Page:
PRICE: So we need to go back to, perhaps, adopt a system like they have in some other countries overseas where you get dye put on your finger?
SMITH: No – I don’t think we need to do that.
ANDREW BOLT: But tony some examples then of the world backing off electronic technology?
SMITH: Two good ones. Ireland, where about a decade ago they decided to go down the electronic path. They purchased all the machines at huge cost—50 million euros and just they were about to use them, some experts demonstrated how unsafe they were and the authorities decided not to use them.
BOLT: When you say demonstrated how unsafe… in what way?
SMITH: They could be hacked into.
BOLT: So, someone… you know... with lots of money and adopting, you know, ripping off someone’s name, call themselves Clive Palmer for example, could have hacked into the system and cast 5000 votes for himself.
SMITH: Yeah, I mean basically the computer scientists were able to prove a whole range of security vulnerabilities and they dumped it. They dumped the machines. And you know, they sold them for 9 euros as scrap metal.
BOLT: Oh… that’s shocking. That’s why Ireland’s economy is a basket case now?
SMITH: Well, I won’t commentate on anything than electronic voting but, another one, another country you’re familiar with—the Netherlands—which actually has a long history of electronic voting.
PRICE: The homeland Andrew.
BOLT: Yeah. Oh I hear the nation anthem striking up
SMITH: They decided they would move from machine voting to a form of electronic voting over the net and they’d started to embark on this but they got their security agencies to have a look at it and it was demonstrated that it was very insecure. It could easily be hacked.
BOLT: So really…
SMITH: And they banned it! They’ve actually banned electronic voting. I didn’t think they banned anything in the Netherlands
BOLT: (laughter) There’s a new mood in the Netherlands, I tell you that! So that’s interesting. So theoretically we could have an election if we adopted this thing, and end up with a Prime Minister who happened to be an agent of the communist government that wasn’t on the ballot paper, thanks to a lot of hacking from Beijing!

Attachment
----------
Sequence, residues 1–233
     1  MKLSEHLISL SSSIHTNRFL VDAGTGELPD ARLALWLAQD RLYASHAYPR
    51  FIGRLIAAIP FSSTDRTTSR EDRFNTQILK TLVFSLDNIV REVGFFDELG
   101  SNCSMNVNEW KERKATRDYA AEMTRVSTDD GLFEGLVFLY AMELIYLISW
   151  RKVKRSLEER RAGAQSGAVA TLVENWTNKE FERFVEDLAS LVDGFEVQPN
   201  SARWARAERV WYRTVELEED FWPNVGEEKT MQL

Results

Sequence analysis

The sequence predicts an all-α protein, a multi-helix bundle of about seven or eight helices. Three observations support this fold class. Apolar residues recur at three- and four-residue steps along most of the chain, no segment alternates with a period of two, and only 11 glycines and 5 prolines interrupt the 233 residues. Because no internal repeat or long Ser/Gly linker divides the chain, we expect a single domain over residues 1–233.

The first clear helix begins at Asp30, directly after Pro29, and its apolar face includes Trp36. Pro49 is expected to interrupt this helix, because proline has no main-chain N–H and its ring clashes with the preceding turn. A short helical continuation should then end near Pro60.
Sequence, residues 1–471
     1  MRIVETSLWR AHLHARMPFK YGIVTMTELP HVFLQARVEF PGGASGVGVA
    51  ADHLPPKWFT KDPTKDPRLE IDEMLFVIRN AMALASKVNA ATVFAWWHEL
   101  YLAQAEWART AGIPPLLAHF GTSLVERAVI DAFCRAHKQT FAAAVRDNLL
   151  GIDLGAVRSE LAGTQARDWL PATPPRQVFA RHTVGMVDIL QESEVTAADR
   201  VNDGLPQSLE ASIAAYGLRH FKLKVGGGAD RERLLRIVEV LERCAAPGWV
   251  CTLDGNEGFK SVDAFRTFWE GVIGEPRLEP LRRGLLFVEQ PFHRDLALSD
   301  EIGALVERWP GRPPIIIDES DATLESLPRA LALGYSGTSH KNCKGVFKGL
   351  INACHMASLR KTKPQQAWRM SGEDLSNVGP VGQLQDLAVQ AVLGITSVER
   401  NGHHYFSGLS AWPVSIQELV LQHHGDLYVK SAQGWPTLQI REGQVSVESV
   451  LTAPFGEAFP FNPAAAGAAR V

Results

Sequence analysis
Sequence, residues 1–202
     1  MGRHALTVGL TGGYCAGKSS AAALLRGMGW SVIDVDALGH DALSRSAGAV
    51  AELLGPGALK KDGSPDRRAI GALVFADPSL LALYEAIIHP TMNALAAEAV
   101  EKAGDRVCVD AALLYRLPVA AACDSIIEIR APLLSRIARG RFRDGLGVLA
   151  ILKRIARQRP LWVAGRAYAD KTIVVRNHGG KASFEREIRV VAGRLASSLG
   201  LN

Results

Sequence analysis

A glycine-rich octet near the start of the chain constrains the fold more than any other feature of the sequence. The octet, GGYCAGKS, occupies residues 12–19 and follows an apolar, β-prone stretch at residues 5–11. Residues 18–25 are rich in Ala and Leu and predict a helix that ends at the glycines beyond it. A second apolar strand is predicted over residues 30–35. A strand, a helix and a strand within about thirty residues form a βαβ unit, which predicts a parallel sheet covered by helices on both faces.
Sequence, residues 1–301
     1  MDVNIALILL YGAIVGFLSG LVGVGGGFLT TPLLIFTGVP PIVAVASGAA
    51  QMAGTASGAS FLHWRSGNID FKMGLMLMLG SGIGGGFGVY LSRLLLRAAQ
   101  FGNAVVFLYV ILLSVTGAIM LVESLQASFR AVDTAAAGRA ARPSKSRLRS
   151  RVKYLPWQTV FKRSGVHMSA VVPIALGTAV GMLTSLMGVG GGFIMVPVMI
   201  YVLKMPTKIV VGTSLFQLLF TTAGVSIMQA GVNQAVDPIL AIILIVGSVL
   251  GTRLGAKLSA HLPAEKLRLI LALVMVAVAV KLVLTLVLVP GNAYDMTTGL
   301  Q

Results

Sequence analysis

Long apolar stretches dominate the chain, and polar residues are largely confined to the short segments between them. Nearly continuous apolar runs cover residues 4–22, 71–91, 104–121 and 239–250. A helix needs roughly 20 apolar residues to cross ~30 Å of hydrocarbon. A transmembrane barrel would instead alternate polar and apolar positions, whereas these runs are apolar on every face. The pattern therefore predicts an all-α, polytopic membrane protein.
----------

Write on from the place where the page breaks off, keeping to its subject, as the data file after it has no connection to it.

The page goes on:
PRICE: You’re out on the wing here a bit here Andrew!
BOLT: Well if you’re looking at hackers, we more hack attacks from china than probably any other country.
PRICE: So does that mean we’re not changing anything?
SMITH: No – we are recommending some critical changes and they are for the AEC to absolutely modernize its systems in terms of what you have the polling booth. So Steve, at the moment when you go into vote, after you’ve got you’re sausage sandwich you say you’re name, you assert you’ve voted again that day and they cross it off a paper list. Of course, that paper list is identical in every booth in the electorate in which you live.
PRICE: You can go around to a couple of booths.
SMITH: Or someone can in your name, if they know where you happen to vote. And there are lots of errors and the rest. So we’ve said look, get a computer based system so when a voters name is crossed off at whatever primary…
PRICE: So Tony Smith walks into his local booth in Casey…
PRICE: Says I’m Tony Smith of Fred Avenue. I’m here to vote. They punch it into the computer and it eliminates you from the roll.
SMITH: It’ll take me off at every other booth within the electorate.
BOLT: That is more like it! Is that the most common way of people casting multiple votes? The fact that their name wasn’t crossed off the list?
SMITH: There’s a few. I mean there were 18000 at the last election. 10 000 the AEC tell us were an error. I’m a good example—if you have a name like Smith, the officials sometimes make mistakes. Others have admitted to multiple voting. Sometimes it’s quite innocent. You know they might have cast a postal vote and they’re worried it hasn’t got in. Or they’ve voted at a nursing home and someone else has taken them on the day. There are some people who’ve been referred to the DPP, and then there’s about 6 000 where no one knows. The AEC has written to them a few times and…
PRICE: Shady characters, Tony.
BOLT: What about Clive Palmer’s obsession, you know, this secret cabal of former Defence Force personnel in the AEC and the issue of pencils? Did you have a look at whether we should have pens?